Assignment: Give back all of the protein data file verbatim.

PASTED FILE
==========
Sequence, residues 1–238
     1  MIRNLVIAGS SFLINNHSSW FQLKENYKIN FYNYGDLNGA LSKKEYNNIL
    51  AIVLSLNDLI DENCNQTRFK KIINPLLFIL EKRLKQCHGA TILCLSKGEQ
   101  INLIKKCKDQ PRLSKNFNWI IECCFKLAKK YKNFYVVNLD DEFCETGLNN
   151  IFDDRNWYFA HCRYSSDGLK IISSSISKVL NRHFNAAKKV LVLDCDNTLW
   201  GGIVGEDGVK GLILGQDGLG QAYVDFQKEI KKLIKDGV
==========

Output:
Sequence, residues 1–238
     1  MIRNLVIAGS SFLINNHSSW FQLKENYKIN FYNYGDLNGA LSKKEYNNIL
    51  AIVLSLNDLI DENCNQTRFK KIINPLLFIL EKRLKQCHGA TILCLSKGEQ
   101  INLIKKCKDQ PRLSKNFNWI IECCFKLAKK YKNFYVVNLD DEFCETGLNN
   151  IFDDRNWYFA HCRYSSDGLK IISSSISKVL NRHFNAAKKV LVLDCDNTLW
   201  GGIVGEDGVK GLILGQDGLG QAYVDFQKEI KKLIKDGV